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American Impressionist painter Edgar Payne grew up in the Midwest, but spent the most productive part of his career captivated by the majestic scenery of the this vision of the Tetons in Wyoming.

Executive Director of the Irvine Museum, John Stern.

Payne likes to put the peak near the top edge to suggest the height and the scale of the mountains. And also he would often put a figure in the foreground. The purpose of the figure there is not so much narrative, as there's no real story going on. The figure is there to give scale to the composition.

Payne is considered one of the preeminent California Impressionists. Members of this group insisted on being outside with their subject matter.

And in those days it wasn't something where you just drove up to the mountains and painted for a few hours and then threw everything back in the car and drove back down. In those days, you went up into the mountains, you set up camp. He was resupplied by mule train periodically. He would stay at his camps for two to three weeks, where he would produce outdoor sketches, which he later would take back to his studio to paint the larger works.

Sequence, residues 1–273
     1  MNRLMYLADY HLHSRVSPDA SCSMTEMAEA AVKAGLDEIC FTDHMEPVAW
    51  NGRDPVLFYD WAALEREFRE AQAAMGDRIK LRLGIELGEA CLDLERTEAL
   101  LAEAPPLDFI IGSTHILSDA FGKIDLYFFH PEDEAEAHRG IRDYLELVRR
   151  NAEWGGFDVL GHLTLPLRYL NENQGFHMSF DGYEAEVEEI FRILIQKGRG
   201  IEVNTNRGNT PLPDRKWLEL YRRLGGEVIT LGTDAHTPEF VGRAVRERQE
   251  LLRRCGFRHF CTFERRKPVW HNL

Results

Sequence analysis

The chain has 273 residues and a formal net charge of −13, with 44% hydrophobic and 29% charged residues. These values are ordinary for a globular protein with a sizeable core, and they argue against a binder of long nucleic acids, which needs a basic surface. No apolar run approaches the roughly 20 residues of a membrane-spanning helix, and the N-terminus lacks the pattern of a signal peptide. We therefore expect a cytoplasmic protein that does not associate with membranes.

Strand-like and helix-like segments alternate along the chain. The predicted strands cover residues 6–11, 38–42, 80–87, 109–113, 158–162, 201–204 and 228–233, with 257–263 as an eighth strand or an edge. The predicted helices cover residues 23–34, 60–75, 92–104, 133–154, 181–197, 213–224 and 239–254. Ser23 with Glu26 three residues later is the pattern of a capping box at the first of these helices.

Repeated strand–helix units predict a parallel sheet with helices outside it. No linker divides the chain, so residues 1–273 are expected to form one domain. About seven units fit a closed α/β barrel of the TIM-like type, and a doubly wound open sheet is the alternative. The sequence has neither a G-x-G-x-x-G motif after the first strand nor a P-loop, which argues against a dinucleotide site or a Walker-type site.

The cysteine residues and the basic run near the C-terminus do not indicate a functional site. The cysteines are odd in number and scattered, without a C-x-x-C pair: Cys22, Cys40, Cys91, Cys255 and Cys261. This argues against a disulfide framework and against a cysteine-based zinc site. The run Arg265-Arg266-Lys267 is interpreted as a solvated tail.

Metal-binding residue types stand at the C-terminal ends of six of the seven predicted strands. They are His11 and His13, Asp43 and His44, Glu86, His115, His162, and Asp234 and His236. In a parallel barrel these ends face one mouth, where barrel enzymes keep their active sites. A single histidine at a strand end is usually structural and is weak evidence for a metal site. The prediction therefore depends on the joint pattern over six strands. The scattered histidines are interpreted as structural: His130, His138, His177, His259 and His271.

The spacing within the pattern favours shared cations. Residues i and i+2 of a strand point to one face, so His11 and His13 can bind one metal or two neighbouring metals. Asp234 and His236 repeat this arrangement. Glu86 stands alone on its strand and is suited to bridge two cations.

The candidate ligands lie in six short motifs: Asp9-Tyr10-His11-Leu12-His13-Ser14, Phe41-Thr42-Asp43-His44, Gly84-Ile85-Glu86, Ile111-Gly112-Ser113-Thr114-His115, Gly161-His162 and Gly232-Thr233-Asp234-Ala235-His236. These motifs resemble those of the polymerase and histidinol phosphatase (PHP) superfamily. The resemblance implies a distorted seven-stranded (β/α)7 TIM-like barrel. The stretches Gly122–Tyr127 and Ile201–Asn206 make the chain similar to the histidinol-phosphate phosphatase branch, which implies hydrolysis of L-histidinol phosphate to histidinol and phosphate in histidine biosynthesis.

California, with its long sunny days, became a magnet for artists like Payne. Other California Impressionist paintings can be seen along this hallway and upstairs in the Flour Gallery as part of the exhibition California: The Golden Years.

Step8-Teton Peaks by Edgar Payne, c. 1935

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